UK Shoppers Are Choosing Bricks Over Clicks Again

Last Updated: 

February 9, 2024

Even as the world becomes more digital, there's still something special about walking into a store and holding something in your hands before deciding to buy it. More and more people are realizing this, so online shopping is losing its dominance over brick-and-mortar businesses. After all, what could be better than being able to see something in person before buying it? In this article I'll explain how online shopping is no longer dominant among UK shoppers and what that means for anyone who does business online.

Key Takeaways on Bricks vs Clicks

  1. Physical Stores are Gaining Popularity Again: The pandemic has had a significant impact on consumer behavior, but in the UK, shoppers are starting to return to physical stores as restrictions ease.
  2. In-Person Experience: Despite the convenience and accessibility of online shopping, many UK consumers still prefer the in-person experience of browsing and buying in a physical store.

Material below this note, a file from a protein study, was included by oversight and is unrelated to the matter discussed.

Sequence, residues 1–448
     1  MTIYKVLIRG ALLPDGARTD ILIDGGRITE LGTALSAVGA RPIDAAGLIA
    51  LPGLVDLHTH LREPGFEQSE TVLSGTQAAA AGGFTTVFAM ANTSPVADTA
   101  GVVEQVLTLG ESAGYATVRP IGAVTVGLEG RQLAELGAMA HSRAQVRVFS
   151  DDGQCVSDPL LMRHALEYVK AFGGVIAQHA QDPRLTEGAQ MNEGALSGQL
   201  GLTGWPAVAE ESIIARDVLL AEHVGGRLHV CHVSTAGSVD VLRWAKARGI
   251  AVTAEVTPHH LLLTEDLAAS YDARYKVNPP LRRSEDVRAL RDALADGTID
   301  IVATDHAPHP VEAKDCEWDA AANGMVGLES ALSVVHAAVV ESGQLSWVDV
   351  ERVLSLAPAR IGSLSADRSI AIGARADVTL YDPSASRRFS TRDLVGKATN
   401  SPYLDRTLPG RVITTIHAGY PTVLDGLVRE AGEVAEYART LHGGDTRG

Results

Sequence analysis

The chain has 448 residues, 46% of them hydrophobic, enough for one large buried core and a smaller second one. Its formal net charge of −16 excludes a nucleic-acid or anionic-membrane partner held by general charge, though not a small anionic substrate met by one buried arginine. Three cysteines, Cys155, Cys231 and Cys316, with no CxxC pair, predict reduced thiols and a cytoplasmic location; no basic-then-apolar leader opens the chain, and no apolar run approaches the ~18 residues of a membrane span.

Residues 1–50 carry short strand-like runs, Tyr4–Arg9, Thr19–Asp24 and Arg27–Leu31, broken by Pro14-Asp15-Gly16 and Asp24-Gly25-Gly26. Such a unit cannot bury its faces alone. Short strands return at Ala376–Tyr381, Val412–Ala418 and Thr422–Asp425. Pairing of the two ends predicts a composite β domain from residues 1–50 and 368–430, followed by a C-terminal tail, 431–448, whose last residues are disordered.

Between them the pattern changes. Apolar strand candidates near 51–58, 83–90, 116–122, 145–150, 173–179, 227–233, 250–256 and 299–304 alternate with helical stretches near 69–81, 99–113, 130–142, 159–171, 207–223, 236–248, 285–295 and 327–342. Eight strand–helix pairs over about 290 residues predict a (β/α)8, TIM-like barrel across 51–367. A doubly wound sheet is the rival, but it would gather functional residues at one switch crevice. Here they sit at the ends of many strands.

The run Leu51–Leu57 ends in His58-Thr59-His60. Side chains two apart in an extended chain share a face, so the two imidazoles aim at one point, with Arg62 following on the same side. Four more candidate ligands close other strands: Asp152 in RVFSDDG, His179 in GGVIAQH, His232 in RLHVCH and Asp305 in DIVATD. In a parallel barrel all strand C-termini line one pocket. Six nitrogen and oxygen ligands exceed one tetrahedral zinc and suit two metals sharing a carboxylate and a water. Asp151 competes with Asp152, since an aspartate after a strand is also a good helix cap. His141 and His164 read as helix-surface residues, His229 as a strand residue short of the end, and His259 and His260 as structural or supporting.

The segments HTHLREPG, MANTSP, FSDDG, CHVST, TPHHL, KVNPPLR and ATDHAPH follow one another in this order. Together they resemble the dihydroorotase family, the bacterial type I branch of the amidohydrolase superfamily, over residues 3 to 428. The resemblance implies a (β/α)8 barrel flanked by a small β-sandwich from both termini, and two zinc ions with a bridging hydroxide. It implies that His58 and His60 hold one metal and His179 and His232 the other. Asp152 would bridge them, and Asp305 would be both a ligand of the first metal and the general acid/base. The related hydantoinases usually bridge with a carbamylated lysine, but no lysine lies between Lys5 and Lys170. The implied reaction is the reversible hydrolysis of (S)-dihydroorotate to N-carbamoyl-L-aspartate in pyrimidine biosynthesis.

3. Sensory Shopping Experience: One reason for this preference may be the desire for a more tactile and sensory shopping experience, which can be difficult to replicate online.
  4. Feeling more confident: Another factor is the ability to see and touch products before making a purchase, which can help consumers feel more confident in their decisions and reduce the likelihood of returns.
  5. Be more competitive: Retailers who invest in creating a seamless omnichannel experience that combines physical stores and online shopping may be better positioned to succeed in today's competitive retail landscape.
  6. Be mindful: However, retailers should also be mindful of the potential risks associated with relying too heavily on either physical stores or online channels, and should work to balance their investments accordingly.
  7. Different factors are in play: Ultimately, the choice between physical and online shopping will depend on a variety of factors, including personal preferences, product type, and location. Retailers who can understand and respond to these factors may be more likely to win over shoppers in the long run.
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Online shopping is no longer the dominant way for shoppers to buy.